Universities have a responsibility to guide and support their students through mental health struggles, and grief is no exception to this.
Processing the loss of a loved one can be a lonely and heartbreaking experience, especially in the midst of the coronavirus crisis when so many are isolated and under pressure.
While university students may come face-to-face with grief at all stages of life, the pandemic has made this a grim reality for too many people.
In order to restrict the spread of the coronavirus, hospitals have had to impose restrictions on visits, meaning that the process of saying goodbye to loved ones has been particularly difficult.
It’s crucial that your institution acknowledges the pain that many students will be experiencing at this time, as well as supporting students through their grief, whether this relates to COVID-19 or not.
Common reactions to the loss of a loved one include denial, anger, bargaining, depression, and acceptance.
However, not every person will experience grief in the same way, meaning that the support required for each individual will vary.
It’s important that your institution has experts available who are trained in supporting people through this confusing time.
According to the latest QS coronavirus report, 70% of higher education professionals say their campus is not currently open to students. This highlights the need to arrange virtual or phone mental health services during the pandemic.
Some students will prefer to process grief by sharing in the experiences of others via support groups. According to the Loss Foundation, support groups allow people to share their experiences in a “confidential and non-judgmental space.”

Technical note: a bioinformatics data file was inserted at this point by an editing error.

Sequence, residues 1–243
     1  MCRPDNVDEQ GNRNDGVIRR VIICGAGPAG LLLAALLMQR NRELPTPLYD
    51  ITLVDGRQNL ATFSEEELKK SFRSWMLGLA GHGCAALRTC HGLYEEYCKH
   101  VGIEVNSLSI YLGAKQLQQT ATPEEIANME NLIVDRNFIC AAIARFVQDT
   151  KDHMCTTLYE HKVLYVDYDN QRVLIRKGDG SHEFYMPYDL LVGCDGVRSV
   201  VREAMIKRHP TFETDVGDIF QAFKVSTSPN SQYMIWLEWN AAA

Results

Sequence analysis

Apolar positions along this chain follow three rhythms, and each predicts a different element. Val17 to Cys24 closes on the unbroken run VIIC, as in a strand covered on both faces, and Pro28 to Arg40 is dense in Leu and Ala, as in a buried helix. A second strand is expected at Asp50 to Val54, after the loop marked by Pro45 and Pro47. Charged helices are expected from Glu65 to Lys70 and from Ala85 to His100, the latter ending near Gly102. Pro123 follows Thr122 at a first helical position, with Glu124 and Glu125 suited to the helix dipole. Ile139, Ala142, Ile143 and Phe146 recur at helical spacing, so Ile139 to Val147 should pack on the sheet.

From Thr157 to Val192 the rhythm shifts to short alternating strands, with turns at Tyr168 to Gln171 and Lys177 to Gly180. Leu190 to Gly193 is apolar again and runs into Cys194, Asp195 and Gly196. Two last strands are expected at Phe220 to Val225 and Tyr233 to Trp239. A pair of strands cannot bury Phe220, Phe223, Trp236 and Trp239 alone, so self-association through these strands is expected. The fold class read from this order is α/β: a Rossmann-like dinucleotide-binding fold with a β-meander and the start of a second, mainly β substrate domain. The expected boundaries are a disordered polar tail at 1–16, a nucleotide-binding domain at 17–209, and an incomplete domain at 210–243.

Ensure your students are aware of the support groups available in their community and direct them to any virtual sessions that may be taking place.
Another way universities can support their students through the grieving process is by being more flexible with lectures, assignments, and exams.
Many students experiencing trauma can struggle to concentrate, or to stick to exam, assignment, and study schedules.
In order to keep their education moving forward, students may require extra support and flexibility with scheduling during this difficult period.
At Imperial College London, students are encouraged to reach out to their senior or personal tutors “so they can support you and make reasonable adjustments in your time of need.”
In general, students should feel that their university is a safe space in which to grieve, where both their mental health and education are supported and protected.
By recognizing the need to heighten grief support during this time, universities can fulfill this responsibility and support students during a complex and challenging crisis.
For more information on how higher education institutions will be planning for the year ahead, please see our latest coronavirus report.